It was a tragic end because the father was one ofKenya’s most promising young intellectuals in the 1960s sent to theUSto prepare themselves for future leadership positions inKenya. He was, according to reports, a very frustrated man, which was perfectly understandable.

Now, about the rumor mills. It appears from facts now known that Obama Sr. did not exactly abandon his wife and son. In those days, as now, once the INS terminated your visit under suspicion of wrongdoing, you had to clear out as soon as you could. To defy the order was to invite deportation. The INS was not very sympathetic to his prolonged stay despite his academic promise. Harvard issued a disclaimer saying it could not find in its files the memo it was supposed to have sent to the INS objecting to Obama Jr.’s request.

As to reports that he was so drunk he drove his car into a tree, we will never know whether these are true or not. In any case, both he and his former wife Ann, had they lived to their 60s and 70s, would have been so thrilled that their little Barry would become president of the US, the first from African-American ranks to achieve this position and status in the world. It is so sad that they had to die so young, which is a reflection of the hard times they lived in.

(A retired professor of political science and Asian studies, Belinda A. Aquino was also the founding director of the Center for Philippine Studies at theUniversityofHawaiiat Manoa.)



Obama’s mother

By: Belinda A. Aquino
Philippine Daily Inquirer

11:13 pm | Saturday, June 11th, 2011

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HONOLULU– The end of a fascinating recently published book has President Barack Obama saying: “It was a sense that beneath our surface differences, we’re all the same, and that there’s more good than bad in each of us. That’s precisely the naivete and idealism that was part of her. And that’s, I suppose, the naive idealism in me.”

Obama was reminiscing about his late mother, Stanley Ann Dunham, in a book written by journalist Janny Scott titled. “A Singular Woman.” It’s a riveting account of a feisty Kansas-born white woman with a curious mix of idealism and pragmatism. Scott interviewed about 200 people who knew Dunham intimately, including President Obama and his half-Indonesian half-sister, Maya Soetoro-Ng.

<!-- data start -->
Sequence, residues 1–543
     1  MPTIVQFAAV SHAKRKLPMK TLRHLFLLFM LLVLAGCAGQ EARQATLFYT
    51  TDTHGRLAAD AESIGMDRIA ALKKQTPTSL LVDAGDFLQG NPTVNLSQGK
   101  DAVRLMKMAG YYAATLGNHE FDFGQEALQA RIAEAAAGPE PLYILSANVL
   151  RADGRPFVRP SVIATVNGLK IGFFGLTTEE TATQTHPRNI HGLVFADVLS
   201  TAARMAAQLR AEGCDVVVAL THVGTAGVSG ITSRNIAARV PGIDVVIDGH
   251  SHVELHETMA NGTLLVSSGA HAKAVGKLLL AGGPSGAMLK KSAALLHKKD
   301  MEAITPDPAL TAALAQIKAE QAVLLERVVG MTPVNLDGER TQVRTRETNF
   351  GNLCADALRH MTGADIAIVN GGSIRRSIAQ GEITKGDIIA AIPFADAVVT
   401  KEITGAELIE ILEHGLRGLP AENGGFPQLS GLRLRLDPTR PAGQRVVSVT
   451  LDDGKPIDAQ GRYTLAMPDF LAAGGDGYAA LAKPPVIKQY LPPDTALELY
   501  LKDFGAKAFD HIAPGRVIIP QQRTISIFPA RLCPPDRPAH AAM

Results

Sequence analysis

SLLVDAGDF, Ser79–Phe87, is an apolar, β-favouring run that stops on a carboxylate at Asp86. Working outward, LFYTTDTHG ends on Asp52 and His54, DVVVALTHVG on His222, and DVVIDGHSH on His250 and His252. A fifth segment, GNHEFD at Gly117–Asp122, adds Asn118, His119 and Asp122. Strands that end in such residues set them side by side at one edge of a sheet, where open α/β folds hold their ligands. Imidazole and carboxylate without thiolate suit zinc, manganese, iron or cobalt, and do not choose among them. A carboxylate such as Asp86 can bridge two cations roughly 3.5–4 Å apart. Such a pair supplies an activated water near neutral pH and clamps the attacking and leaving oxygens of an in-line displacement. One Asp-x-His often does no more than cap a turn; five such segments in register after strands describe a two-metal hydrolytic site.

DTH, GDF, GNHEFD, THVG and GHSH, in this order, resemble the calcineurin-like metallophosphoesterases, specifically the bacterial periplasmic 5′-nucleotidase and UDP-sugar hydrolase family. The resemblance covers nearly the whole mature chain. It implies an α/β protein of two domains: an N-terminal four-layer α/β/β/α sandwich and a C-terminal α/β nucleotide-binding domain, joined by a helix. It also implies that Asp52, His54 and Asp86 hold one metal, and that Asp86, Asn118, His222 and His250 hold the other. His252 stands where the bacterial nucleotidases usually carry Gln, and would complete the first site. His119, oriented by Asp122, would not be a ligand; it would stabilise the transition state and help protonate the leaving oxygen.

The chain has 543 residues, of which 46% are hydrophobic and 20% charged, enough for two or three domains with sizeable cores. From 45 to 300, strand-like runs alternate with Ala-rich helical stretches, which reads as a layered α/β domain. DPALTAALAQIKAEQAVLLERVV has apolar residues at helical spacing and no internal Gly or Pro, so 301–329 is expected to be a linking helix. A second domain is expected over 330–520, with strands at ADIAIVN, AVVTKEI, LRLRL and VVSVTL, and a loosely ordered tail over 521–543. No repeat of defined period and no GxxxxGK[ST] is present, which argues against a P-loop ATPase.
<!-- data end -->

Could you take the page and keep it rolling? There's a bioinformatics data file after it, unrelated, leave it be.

Her male first nameStanleyimmediately raises eyebrows. Her mother, Madelyn, was a Bette Davis fan and liked the film in which the actress played a character namedStanley. That was also the name of Ann’s father. But that was only the beginning of an extraordinary life for a girl born in 1942 that would spiral in and out ofKansastoHawaiitoIndonesiaand to many parts of the world. At age 17, she moved toHawaiiwith her parents, enrolled as a freshman at theUniversityofHawaii. And at 18, she married the first African graduate student, Barack Obama Sr., at the university, later giving birth to the future president ofAmerica, who was called Barry as a boy. At that time, interracial marriages were frowned upon or forbidden.

Barack Sr. went to Harvard to get his PhD and was supposed to send for his wife and Barry later. But the soon-to-be absentee husband returned instead to his nativeKenya, where he was already married before he went toHawaii.  In fact, he married again a third time on his return toKenya. It was many years before he saw Ann and Barry again.

Ann, meanwhile, had met another foreign student fromIndonesia, Lolo Soetoro, who was anEast-WestCentergrantee inHawaii.  She married him and joined him in Java, where she gave birth to Maya, who met her half-brother Barry only when he moved toIndonesiato be with the family.